Dump myths to start on a path to a real Mideast peace

August 08, 2006|By LAWRENCE J. HAAS

WASHINGTON -- Longstanding conflicts between peoples often create myths - over grievances, appropriate uses of force, and likely paths to peace. Nowhere is this truer than in the Middle East.

With Israel and Hezbollah engaged in escalating conflict, leaders, experts and media the world over assume predictable, if not helpful, positions on the causes, consequences and likely solutions. But the path to real peace lies in clear-eyed thinking, not mythology. Only by discarding shibboleths will the world grapple effectively with the bloodshed of that region. Thus, we should discard four myths that cloud thinking about the Middle East and today's war:

Myth 1: The path to peace lies in an Israeli-Palestinian resolution.

But such a resolution presumes that two states, Israel and Palestine, eventually will live side by side in peace. The problem is that key players in today's war do not share that vision. Hezbollah and Hamas, the terrorist groups that ignited today's flames, and Iran (their key state sponsor) are committed to Israel's destruction.

As Hezbollah's leader, Hassan Nasrallah, said recently, "There is no solution to this conflict in this region except with the disappearance of Israel."

Myth 2: Peace is always better than war. But premature peace can prompt a worse war down the road - especially a peace that strengthens its true enemies. A cease-fire that leaves Hezbollah to rule over southern Lebanon, outside the control of that nation's government, will only precipitate more bloodshed.

Emboldened that it withstood Israel's onslaught, Hezbollah will restock with weapons from Iran and plan its next attack, as will its emboldened partners in terrorism, Hamas and Islamic Palestinian Jihad. More ominously, Iran will feel emboldened.

Watching European officials pressure the United States to contain Israel, Iran's leaders will believe more strongly that the West has no stomach for confrontation. Iran not only will provide more funds, more training and more support to its terrorist clients, it also will push ahead on its quest to develop nuclear weapons.

Myth 3: Talk is always better than silence. Rather than let Israel forcefully confront Hezbollah and Hamas, critics say, the United States should reach out to Iran and Syria, who hold great sway over them. The hope for talk is rooted in the "rational actor" theory - that all people are reasonable and open to persuasion. But the leaders of Hezbollah, Hamas, Iran and their disciples seek confrontation, not compromise - victory, not accommodation.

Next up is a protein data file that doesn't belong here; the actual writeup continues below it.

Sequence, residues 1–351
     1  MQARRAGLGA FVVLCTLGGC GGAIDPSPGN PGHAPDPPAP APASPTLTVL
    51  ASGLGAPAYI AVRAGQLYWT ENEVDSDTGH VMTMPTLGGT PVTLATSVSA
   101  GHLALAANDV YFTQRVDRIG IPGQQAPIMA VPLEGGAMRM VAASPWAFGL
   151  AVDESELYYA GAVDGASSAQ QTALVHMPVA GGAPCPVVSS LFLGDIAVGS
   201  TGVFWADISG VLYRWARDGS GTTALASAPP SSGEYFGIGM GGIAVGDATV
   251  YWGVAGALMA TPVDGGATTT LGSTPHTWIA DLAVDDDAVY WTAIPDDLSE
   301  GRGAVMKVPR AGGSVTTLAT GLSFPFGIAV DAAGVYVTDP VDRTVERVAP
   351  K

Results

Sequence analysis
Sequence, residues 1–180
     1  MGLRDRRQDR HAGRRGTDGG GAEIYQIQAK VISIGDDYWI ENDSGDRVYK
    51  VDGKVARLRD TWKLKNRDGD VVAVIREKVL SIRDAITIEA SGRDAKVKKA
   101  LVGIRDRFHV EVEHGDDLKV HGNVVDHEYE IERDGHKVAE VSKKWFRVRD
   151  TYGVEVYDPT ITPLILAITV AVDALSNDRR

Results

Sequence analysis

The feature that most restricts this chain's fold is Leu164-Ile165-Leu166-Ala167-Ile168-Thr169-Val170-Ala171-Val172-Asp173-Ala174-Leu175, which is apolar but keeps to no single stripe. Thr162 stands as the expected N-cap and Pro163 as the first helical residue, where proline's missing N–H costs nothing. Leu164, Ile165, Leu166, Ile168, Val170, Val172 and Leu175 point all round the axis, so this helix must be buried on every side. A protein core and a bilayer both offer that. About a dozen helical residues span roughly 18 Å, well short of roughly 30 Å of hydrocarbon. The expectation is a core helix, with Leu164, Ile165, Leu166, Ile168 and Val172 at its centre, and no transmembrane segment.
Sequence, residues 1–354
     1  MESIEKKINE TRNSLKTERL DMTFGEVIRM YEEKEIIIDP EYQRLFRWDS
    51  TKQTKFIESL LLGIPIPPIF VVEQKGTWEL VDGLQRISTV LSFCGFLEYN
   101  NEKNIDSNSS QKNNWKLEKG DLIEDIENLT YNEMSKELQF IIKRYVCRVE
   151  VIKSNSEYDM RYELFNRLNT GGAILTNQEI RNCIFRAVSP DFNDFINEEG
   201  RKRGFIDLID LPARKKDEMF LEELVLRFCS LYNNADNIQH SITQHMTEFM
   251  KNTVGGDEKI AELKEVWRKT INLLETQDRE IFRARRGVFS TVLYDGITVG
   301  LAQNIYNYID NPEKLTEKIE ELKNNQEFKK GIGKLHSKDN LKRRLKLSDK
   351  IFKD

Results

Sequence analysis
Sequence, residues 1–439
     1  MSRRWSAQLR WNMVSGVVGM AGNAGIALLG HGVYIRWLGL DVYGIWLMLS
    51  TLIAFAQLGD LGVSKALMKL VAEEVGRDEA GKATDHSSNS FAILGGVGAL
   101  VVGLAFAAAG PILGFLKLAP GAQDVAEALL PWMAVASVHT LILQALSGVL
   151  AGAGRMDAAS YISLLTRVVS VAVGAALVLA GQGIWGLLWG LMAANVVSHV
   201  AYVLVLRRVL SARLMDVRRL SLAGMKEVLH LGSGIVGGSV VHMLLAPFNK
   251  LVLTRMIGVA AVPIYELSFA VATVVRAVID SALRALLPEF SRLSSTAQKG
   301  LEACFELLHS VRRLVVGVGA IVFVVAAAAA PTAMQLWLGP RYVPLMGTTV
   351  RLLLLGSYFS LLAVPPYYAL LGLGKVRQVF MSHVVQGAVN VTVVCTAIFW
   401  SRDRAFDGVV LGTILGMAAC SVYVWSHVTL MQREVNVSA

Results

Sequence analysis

A talk with these fanatics would be worse than useless. It would implicitly put certain issues, such as Israel's existence, on the agenda for discussion. Should President Franklin D. Roosevelt have "talked" to a Hitler while he killed Jews and conquered Europe?

Myth 4: Israel is using "disproportionate" force to defend itself. That's true if you see no moral distinction between terrorists who target innocent men, women and children and a state that accidentally kills innocents as it targets terrorists. Or if you see no distinction between terrorists who hide behind civilians and a state that warns civilians to depart before dropping bombs.

When attacked by clear-sighted enemies, nations respond with overwhelming force to eliminate the threat. The United States did that after Pearl Harbor, as did Allied forces against the Nazis.

Some leaders who urge Israeli restraint have made clear they would practice no restraint themselves. French President Jacques Chirac threatened to use nuclear weapons on any state that directed a terrorist attack on France. What's good for France should be good for Israel.

The myths of the Middle East are enticing. But they will set back efforts to reach a lasting peace. The only way to make progress is to face realities on the ground.

Lawrence J. Haas is a visiting senior fellow at Georgetown University's Government Affairs Institute. His e-mail is ljh23@georgetown.edu.

Columnists Clarence Page and Trudy Rubin are on vacation.

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